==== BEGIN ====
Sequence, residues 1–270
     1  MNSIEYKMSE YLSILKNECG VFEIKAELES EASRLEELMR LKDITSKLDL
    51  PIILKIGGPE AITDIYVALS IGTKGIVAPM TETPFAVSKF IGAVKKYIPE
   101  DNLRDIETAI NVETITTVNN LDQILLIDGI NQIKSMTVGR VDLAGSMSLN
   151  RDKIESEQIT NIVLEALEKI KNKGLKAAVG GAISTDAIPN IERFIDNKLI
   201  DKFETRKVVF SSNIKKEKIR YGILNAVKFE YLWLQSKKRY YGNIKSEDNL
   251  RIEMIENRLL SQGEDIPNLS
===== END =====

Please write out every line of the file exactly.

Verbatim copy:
Sequence, residues 1–270
     1  MNSIEYKMSE YLSILKNECG VFEIKAELES EASRLEELMR LKDITSKLDL
    51  PIILKIGGPE AITDIYVALS IGTKGIVAPM TETPFAVSKF IGAVKKYIPE
   101  DNLRDIETAI NVETITTVNN LDQILLIDGI NQIKSMTVGR VDLAGSMSLN
   151  RDKIESEQIT NIVLEALEKI KNKGLKAAVG GAISTDAIPN IERFIDNKLI
   201  DKFETRKVVF SSNIKKEKIR YGILNAVKFE YLWLQSKKRY YGNIKSEDNL
   251  RIEMIENRLL SQGEDIPNLS